As for us, when our first daughter was just born, we would go to Roc on Greenwich. The owners had an infant daughter too, so they were really friendly about it. We’d stroll the baby in and she would snooze—sometimes parked next to the proprietors’ child. The two later found themselves in class together, and became friends. Roc continues to be a great go-to in the neighborhood, with kids or without.
Fave spot to stop for treats?
The food trucks—there’s something super fun about a random after-school ice-cream cone from the truck outside the school on a sunny day. As for cupcakes we’re big fans of Baked by Melissa, because they’re tiny and cute, and Billy’s Bakery (not tiny but yummy), and pretty much anything that Tribeca Treats has to serve!
Any eating out traditions with the family?
We have date night every Friday (so no kids then) and family dinners out every Saturday. We try to do Sunday brunch or barbeque with my brother who is lucky enough to have a terrace in the city!
Fave spot to go for special family occasions or events?
The two that come to mind are outside the city: Love Blue Hill at Stone Barns—gorgeous spot and amazing food. The other one that’s kind of cool outside of the city is Rats in Princeton. It has a very cool sculpture garden and delish food.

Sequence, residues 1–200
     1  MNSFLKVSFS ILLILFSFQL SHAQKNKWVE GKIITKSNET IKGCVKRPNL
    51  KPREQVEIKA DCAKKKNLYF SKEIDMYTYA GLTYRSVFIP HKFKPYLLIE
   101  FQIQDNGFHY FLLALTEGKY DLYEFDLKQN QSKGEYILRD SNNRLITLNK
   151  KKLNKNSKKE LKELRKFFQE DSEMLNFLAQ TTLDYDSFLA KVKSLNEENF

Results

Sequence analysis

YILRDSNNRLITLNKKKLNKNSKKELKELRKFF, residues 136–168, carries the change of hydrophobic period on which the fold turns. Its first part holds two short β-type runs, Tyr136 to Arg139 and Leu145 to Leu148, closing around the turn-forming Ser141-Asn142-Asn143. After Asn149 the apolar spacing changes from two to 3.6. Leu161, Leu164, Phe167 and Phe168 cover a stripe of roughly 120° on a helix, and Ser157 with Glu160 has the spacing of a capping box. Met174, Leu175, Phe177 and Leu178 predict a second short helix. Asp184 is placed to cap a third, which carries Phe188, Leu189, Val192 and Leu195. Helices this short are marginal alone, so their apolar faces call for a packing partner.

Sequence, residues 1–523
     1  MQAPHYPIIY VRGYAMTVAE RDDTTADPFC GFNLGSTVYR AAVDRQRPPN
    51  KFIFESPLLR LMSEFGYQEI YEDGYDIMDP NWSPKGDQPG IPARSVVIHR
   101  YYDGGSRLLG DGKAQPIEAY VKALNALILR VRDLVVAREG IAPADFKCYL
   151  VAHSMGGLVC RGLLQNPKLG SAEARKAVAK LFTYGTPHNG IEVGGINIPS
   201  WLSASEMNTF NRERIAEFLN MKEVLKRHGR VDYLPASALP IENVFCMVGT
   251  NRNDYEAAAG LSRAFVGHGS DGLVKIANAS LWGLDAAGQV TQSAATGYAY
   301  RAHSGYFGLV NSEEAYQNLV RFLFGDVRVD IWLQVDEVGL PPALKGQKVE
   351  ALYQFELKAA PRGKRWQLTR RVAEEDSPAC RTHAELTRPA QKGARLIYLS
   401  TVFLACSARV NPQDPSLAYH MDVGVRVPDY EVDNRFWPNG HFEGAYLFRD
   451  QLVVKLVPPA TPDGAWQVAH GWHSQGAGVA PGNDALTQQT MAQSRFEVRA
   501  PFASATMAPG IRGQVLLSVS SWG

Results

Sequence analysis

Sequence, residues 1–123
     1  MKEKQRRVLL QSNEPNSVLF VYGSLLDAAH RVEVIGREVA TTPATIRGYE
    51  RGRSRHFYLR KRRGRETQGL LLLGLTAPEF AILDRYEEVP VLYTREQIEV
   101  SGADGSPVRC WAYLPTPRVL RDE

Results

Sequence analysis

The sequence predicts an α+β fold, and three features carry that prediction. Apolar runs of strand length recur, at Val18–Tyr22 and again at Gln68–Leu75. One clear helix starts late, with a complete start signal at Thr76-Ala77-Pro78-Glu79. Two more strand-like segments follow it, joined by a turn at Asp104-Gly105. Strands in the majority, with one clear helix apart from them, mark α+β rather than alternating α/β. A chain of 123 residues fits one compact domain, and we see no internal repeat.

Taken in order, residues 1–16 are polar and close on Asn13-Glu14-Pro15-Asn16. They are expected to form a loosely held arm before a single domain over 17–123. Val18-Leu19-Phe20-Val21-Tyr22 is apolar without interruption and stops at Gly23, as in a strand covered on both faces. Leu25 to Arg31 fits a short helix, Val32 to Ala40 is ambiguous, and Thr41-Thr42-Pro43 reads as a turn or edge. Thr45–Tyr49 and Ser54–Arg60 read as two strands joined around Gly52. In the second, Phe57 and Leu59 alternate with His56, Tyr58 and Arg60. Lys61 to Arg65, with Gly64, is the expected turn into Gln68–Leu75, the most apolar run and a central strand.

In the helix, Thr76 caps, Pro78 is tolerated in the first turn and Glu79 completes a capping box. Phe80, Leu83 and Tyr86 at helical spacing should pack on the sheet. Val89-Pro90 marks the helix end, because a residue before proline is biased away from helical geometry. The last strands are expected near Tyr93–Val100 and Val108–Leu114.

Number one tip for other parents eating out with kids?
Prep the kids before going out. Remind them of their “pleases” and “thank yous”, just so that’s top of mind. Check the menu before you choose a restaurant just so you know what battles lay ahead. Once you get there, relax. Take the time to help your kids observe, converse, make their own choices and start to become little citizens of the city.
How do you keep the kids entertained?
A notepad and a pen or crayons for drawing normally does the trick. I’m not one for absolutes, so I do allow the iPad and have been known to throw my phone at the girls to keep the peace if service is slow or trouble is brewing. But I try to use this time more as a time to look around, play games (hangman together, tic-tac-toe), chat about our day, ideas and stuff.
Taking your kid anywhere special this summer? Check out Jennifer’s picks for the best outfits for kids to wear to afternoon tea at The Plaza, a jazz festival on Governor’s Island and brunch at Balthazar. Full credits under the pics.